So, coupled closely with naming and defining each stage is ensuring that the pipeline process itself integrates with the day-to-day activities in the sales process. That is, selling activities fit with the pipeline. This connecting of the dots for Jeff gave them a process that was workable for the entire customer-facing enterprise, leading to many payoffs. Using the pipeline process consistently led to positive changes in Jeff’s forecasting accuracy.
Additionally, establishing the crucial criteria for each stage makes it easier for sales people and managers to communicate with clarity where they are in the pipeline process. When Harry tells Sally that ABC Company is a Stage 3 opportunity, Sally knows that each of the criteria in Stages 1 and 2 have been met. With a bit of Q&A between her and Harry, she will know how close ABC is to graduating to Stage 4. She will probably also have an idea how likely ABC is to close, and perhaps even be able to guestimate when.
Fire Rube Goldberg
The rock band OK Go has become famous for their innovative music videos, from the four of them dancing across treadmills (for their song, “Here it Goes Again”) to the “dog video” (for their song, “White Knuckles”). Perhaps their most famous video is the one which they produced for “This Too Shall Pass,” where the band (and some engineers) built an elaborate Rube Goldberg device, culminating in the boys’ being shot with spray paint. The complexity of the machine married to a fairly addictive pop tune make for a great and entertaining video. Rube Goldberg Machines are extraordinarily entertaining. But that approach makes for a lousy pipeline planning process.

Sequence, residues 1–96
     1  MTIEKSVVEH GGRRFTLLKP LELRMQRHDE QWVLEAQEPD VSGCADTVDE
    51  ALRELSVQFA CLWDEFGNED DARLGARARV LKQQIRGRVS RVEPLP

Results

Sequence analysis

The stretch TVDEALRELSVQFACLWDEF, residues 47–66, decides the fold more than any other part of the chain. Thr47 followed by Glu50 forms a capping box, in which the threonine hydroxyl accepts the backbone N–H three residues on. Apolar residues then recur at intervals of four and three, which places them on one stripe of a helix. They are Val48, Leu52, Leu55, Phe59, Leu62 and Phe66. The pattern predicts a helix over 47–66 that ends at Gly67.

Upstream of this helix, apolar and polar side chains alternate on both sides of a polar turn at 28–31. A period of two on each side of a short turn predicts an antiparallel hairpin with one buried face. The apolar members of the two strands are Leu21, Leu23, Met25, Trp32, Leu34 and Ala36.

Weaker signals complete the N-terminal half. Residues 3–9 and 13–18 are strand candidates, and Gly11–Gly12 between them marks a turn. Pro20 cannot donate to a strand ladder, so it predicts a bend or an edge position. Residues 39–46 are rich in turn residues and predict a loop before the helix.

The Beauty in Simplicity
It seems that in the corporate world, simplicity is a forbidden thought. If it’s simple, it must not be complete. If it can be explained by mere mortals instead of the High Priests from the Temple of Engineering (or IT or Finance), it’s probably not robust enough. This explains a bit of our friend Jeff’s response to our simple five-stage pipeline model. But it’s important to remember that simplicity is crucial with processes which need to be scaled across large enterprises.
Implementing this pipeline process had a number of distinct advantages for Jeff and his company. Here are just a few: